2010-2017, from our base in Kerala, India one of our primary activities was food heritage preservation. And it is a constant theme in these pages. Along the way it became clear that both foodstuffs, the tangible things that are used to make food, and foodways, the intangible knowhow for using foodstuffs to make food, are equally worthy of our attention. Thanks to the Guardian for sharing this:
A rich range of native crops and seeds is being nurtured in an effort to halt the country’s rapidly vanishing food diversity
A small army of botanical heritage enthusiasts is spearheading a movement in India for the revival and preservation of the country’s rapidly vanishing food biodiversity by bringing back the rich crop varieties that thrived in the past, but are now on the verge of extinction.
Babita Bhatt, a 43-year-old former software professional, is just one of these crusaders, who are eschewing established careers and fat pay packets to become farmers, activists and entrepreneurs.
Fear of feeding her young daughter foods covered in pesticides was the trigger for Bhatt to move to the hills of Uttarakhand. Trading a steady income for the financial insecurity of an entrepreneur, she launched Himalaya2Home, a self-funded venture, in 2018.
“Growing up in the hills, I was used to eating delicious, organic produce cultivated in the mountains. So when I moved to the city after marriage, the low-grade produce and the non-availability of a steady, reliable supply of organic produce hit me hard,” says Bhatt. “For instance, the store-bought barnyard millet was polished white and tasteless, unlike the one in the hills which was unpolished and delicious. The city vegetables and fruits also lacked lustre, texture and taste.”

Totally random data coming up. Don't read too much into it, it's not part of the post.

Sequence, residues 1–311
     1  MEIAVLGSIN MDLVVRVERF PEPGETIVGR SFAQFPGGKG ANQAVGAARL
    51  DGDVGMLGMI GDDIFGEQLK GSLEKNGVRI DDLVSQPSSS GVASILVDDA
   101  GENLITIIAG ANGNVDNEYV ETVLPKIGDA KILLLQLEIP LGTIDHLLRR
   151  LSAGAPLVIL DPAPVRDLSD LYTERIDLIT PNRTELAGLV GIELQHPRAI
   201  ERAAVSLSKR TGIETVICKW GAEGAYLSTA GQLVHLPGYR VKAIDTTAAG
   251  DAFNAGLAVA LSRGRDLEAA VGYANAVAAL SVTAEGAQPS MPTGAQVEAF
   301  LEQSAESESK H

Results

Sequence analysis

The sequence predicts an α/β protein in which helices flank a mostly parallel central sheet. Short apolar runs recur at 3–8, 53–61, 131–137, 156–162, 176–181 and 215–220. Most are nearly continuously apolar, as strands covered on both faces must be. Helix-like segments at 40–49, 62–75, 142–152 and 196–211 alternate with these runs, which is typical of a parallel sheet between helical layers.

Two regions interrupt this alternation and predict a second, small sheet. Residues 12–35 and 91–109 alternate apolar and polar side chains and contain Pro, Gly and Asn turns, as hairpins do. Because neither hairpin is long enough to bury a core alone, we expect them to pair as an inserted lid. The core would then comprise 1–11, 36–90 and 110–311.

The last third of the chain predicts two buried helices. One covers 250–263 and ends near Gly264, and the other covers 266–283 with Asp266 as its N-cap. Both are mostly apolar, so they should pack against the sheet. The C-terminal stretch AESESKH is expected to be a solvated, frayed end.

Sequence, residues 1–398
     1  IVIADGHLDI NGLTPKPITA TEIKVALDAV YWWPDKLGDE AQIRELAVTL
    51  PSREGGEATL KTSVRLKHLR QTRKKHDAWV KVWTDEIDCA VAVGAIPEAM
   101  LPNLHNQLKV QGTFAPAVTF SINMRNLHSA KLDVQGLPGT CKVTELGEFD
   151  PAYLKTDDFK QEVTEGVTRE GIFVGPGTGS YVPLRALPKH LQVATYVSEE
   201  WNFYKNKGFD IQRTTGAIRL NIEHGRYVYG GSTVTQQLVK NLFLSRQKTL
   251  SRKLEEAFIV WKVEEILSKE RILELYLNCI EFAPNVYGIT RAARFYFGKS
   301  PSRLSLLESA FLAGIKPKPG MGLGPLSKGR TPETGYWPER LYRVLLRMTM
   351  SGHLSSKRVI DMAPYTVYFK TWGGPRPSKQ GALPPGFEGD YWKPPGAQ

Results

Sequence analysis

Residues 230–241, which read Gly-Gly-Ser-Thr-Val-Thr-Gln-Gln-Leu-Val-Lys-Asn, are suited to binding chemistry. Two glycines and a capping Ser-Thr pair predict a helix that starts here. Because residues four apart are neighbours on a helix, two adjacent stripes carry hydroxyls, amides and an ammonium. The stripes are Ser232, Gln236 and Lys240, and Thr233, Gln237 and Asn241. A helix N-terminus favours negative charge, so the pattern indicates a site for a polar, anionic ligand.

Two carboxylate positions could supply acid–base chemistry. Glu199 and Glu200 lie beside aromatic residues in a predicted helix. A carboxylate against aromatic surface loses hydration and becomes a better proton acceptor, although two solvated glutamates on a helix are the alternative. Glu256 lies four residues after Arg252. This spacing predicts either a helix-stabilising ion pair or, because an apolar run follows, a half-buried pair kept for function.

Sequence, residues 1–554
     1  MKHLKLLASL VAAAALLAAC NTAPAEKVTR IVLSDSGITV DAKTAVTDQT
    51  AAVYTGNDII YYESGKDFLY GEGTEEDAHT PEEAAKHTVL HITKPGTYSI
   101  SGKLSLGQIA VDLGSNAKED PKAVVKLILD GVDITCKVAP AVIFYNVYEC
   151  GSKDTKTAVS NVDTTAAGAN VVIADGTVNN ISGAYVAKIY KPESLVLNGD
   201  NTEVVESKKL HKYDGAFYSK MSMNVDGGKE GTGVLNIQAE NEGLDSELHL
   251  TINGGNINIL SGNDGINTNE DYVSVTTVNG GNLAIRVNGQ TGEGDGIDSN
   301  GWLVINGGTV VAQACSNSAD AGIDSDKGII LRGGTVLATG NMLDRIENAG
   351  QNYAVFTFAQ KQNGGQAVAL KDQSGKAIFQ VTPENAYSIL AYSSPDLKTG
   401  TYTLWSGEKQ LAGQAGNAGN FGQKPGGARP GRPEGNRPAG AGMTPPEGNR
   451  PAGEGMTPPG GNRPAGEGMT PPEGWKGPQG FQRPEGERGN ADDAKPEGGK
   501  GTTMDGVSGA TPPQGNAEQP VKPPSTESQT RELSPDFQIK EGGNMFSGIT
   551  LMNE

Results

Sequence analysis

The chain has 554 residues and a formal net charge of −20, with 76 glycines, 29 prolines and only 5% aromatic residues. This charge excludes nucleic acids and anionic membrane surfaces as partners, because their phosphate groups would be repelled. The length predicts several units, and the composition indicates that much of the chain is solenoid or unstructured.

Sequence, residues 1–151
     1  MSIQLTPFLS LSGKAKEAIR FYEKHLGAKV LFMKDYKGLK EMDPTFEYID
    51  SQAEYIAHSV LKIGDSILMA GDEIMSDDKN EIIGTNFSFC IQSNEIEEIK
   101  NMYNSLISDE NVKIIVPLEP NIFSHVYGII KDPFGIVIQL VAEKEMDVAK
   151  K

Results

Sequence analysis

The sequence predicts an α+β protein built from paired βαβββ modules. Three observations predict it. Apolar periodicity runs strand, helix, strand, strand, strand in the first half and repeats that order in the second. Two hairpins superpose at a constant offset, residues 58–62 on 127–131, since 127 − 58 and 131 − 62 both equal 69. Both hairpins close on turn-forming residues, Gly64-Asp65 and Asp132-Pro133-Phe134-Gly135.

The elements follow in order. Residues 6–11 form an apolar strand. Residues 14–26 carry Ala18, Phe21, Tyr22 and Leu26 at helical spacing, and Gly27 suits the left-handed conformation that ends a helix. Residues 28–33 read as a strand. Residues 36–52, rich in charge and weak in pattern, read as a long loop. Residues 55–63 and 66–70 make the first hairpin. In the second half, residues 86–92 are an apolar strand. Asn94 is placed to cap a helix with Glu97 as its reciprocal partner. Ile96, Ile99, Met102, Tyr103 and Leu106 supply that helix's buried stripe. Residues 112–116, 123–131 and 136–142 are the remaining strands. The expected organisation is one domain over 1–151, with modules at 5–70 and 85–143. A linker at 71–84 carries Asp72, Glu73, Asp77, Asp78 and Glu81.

Bhatt launched a supply chain model based on sustainable indigenous and heirloom seed-based agriculture. “The list of unknown or lesser-known indigenous crops in India is mind-boggling,” she says. “All these varieties were widely grown and eaten till just 100 years ago. However, they disappeared with the Green Revolution [initiated in the 1960s], which placed a premium on high-crop yield over soil preservation and quality produce.
“Rampant use of pesticides and tampering of seeds through GMO further sounded the death knell of many indigenous seed varieties that had medicinal and curative properties. A well-documented archive of seeds saved in community seed banks is the need of the hour as it can play a pivotal role in preserving fast-disappearing indigenous produce,” she says…
Read the whole story here.